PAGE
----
Phosphacore Fat Burner Review: Slash 1″ Of Belly Fat Every 28 Days?
Phosphacore, claims the advertising copy, is backed by university research…
“In a recent study published in the International Journal of Obesity, subjects taking the active ingredient in Phosphacore lost an average of over 1 full inch from their waistlines in just 28 days.”
And what is this miraculous “active ingredient”? To their credit, the makers of Phosphacore don’t hide its identity: it’s conjugated linoleic acid (CLA).
Is CLA a miracle belly fat melter, as claimed on the Phosphacore sales site?
Hardly. There’s a lot less to that study than meets the eye. Of course, the odds are good that the makers of Phosphacore never really read it, since…
- the study was only 28 days long, so claiming that users will see the same loss “every 28 days” is a bit of a stretch;
- they don’t seem to understand that there’s a difference between inches and centimeters.
Why does the second point matter? It’s simple, really: the subjects in that study didn’t lose “over 1 full inch from their waistlines in just 28 days” – as claimed on the site. They lost over 1 full centimeter – 1.4cm, to be precise.
For the record, a centimeter is approx. 0.4″. As such, 1.4 cm is a skosh over half-an-inch. Last I heard, half-an-inch is considerably less than “over 1 full inch.”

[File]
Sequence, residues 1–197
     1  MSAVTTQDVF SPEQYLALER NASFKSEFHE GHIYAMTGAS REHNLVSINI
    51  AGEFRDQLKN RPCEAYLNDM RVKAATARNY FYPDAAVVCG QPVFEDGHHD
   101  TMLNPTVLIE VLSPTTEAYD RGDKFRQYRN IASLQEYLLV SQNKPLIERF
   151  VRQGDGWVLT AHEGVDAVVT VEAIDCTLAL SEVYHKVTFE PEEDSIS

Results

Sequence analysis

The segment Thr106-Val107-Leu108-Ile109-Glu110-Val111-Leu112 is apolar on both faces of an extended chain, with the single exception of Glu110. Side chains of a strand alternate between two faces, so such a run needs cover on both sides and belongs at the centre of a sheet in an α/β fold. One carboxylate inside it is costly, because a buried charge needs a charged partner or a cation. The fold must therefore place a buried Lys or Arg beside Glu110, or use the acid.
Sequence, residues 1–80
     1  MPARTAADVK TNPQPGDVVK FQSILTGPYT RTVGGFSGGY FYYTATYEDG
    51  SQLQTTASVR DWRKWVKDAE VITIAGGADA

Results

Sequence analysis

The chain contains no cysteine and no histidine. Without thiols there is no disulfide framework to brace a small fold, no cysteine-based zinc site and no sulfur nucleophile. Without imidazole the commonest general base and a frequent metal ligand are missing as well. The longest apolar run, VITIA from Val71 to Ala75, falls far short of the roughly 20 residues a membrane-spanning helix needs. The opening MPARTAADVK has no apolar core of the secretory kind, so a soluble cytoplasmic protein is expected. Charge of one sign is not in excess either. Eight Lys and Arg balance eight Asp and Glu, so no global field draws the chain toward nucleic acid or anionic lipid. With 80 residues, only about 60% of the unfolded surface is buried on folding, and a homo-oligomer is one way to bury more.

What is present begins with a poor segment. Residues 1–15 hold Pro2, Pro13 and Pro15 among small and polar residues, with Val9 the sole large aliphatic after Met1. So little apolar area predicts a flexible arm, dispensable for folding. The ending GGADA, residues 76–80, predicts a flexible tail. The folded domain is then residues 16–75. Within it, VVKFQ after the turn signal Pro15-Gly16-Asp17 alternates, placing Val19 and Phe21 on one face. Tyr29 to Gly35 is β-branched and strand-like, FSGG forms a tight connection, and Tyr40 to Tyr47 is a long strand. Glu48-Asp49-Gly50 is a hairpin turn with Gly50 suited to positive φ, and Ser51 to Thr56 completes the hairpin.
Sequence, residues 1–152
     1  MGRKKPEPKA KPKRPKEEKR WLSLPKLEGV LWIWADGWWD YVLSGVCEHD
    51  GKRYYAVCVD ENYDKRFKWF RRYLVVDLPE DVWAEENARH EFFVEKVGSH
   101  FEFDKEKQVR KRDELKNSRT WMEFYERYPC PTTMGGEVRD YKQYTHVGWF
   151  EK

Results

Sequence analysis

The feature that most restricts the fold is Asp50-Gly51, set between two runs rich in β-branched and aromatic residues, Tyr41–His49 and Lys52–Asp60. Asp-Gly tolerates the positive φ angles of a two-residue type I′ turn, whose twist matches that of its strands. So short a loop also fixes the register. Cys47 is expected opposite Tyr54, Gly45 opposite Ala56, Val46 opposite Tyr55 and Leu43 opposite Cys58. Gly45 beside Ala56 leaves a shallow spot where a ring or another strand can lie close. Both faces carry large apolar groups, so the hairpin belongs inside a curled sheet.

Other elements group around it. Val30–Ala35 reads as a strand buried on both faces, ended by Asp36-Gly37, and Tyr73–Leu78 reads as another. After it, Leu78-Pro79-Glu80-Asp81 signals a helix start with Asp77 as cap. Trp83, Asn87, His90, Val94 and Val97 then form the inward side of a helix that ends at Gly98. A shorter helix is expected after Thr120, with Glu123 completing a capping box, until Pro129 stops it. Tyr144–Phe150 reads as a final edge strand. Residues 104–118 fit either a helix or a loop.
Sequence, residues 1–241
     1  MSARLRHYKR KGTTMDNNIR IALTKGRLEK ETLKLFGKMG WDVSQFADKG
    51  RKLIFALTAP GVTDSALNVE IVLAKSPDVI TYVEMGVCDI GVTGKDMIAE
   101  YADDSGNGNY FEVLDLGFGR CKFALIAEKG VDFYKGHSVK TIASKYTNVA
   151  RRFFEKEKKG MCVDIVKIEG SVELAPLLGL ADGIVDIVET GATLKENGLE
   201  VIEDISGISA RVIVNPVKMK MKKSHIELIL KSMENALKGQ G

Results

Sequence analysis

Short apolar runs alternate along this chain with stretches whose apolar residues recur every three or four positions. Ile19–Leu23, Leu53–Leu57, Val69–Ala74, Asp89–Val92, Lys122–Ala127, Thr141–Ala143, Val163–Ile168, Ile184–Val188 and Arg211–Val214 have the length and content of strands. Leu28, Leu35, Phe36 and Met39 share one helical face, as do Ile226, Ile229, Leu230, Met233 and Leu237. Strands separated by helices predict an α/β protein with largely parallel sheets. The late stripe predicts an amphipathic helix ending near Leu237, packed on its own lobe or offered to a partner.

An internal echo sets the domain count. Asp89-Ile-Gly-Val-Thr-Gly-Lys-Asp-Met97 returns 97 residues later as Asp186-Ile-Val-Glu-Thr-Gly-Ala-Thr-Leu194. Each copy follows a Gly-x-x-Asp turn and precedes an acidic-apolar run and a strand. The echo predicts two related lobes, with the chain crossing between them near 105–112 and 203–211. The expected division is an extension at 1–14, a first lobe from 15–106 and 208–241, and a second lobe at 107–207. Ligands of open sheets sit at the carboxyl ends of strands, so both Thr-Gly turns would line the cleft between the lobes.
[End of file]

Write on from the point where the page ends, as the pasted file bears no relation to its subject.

“Waist circumference was not significantly different after 4 weeks compared to placebo (P=0.51). However, the CLA group experienced a significant mean decrease in waist circumference with 1.4 cm (P<0.01), while in the placebo group the mean decrease (0.7 cm) was not significant (P=0.08).”
Given that the subjects’ waistlines were greater than 94cm at baseline, losing 1.4cm is a bit like getting a $50 discount on a Cadillac – it’s real and measurable (or “significant” in a statistical sense), but not exactly the stuff that weight loss dreams are made of.
But that’s the story with virtually every study mentioned on the Phosphacore sales site… like Dorothy in “The Great and Powerful Oz’s” throne room, it’s tough to be impressed when you see what’s hiding behind the curtain. For example, when they say…